10. molochnik

    Hot rods crank kits

    I've used the entire assemblies and rebuilt stock cranks with their rods. I've either been doing it right or have gotten lucky. All told, at least a half-dozen of the assemblies and a bunch of rods for rebuilds. Some for my bikes, some for customers. No failures I'm aware of. The only thing I can pick at is that I do check the new assemblies for runout. Some have been dead on, and some haven't but were still within the tolerance called out in the book. I straightened out any of the ones that were out to dead-nuts or as close as I could get. Things do change though, so it's possible quality could be slipping. I don't think I've done a bottom end for 8 years.
  11. molochnik

    General Air box mod

    Just out of curiosity, in regard to reckoning the intake hole vis a vis piston size, how might the formula change if one has a twin cylinder; more precisely, a parallel twin where the pistons rise and fall together, but only one is pulling air on a given rotation? Same deal - one piston's area? Double that? 1.5X piston area? Just has me wondering about my XS650. I have lots of room for a custom airbox, but it may not be so necessary on pavement (for the sake of dirt, etc.) - goes fast enough now.
  12. molochnik

    What innertubes do you use?

    Ugh; during the building boom out here in the AV back in the 2000s, there were nails all over the road. Often seemed to be in intersections where a box would likely fall off of a truck pulling away from a stop sign.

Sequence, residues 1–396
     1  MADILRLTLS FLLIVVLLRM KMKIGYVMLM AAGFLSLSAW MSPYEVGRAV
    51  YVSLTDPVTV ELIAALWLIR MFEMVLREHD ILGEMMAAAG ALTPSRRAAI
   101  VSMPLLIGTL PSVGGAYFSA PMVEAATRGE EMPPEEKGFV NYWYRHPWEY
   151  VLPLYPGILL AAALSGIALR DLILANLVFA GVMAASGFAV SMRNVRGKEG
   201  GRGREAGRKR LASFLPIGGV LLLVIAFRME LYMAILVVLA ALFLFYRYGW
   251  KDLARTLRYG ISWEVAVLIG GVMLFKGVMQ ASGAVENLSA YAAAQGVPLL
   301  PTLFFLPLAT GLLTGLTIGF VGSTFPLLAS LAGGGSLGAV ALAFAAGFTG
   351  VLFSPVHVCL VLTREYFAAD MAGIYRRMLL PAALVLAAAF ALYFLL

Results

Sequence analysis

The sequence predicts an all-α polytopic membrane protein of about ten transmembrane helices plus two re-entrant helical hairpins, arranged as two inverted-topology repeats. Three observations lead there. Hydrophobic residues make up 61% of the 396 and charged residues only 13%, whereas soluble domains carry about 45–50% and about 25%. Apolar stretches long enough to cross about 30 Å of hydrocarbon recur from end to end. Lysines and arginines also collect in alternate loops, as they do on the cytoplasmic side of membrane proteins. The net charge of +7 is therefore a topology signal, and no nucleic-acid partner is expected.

13. molochnik

    What innertubes do you use?

    When I began riding my YZ250 in flat track trim on supermoto tracks, I was experimenting with tire pressures that were too low to responsibly post on a forum. This was with my cheap IRC tubes I was buying from a chopper shop. The tires got hot, but they didn't go flat. With proper supermoto wheels/tires I ran the same pressures you are and all was fine except for the one flat mentioned a while back. This was in the SoCal desert with sharp edged rocks and all the other crap out here. I always applied baby powder liberally and if I did use any lube, it was the vegetable based lube I got with my No-Mar tire changer. If you're using something like dish soap, it could very well be drying them out and causing these mystery flats. I would be astonished if the mechanics you're dubious of would be able to pinch the tube and it would still hold air...for a while. I'm with the dudes who are suspecting you've got some spoke ends poking the tube, or perhaps a chewed up wheel/stem hole.
  14. molochnik

    Head Shake ktm 525

    Tire balancing, fork health, and even the aerodynamics are good suggestions, however, be sure your shock isn't tired as well; whether a supermoto or a roadrace bike, you'll get tank slappers if the charge is low on the shock. I had an 05 SMR 525 and didn't have any wobbles. While it had the adjustable offset trees, I never messed with them.
  15. molochnik

    Motard using Dirt tyre hub.

    I dunno one way or the other, like I said (or implied); I just sorta assumed it was for the transmission. Triumph used bumpers in their clutch baskets at least as far back as 1959. I guess it would be worthwhile to know if the OP was asking in reference to cush drive or quality of the stock hubs...before we get off topic arguing cush drive,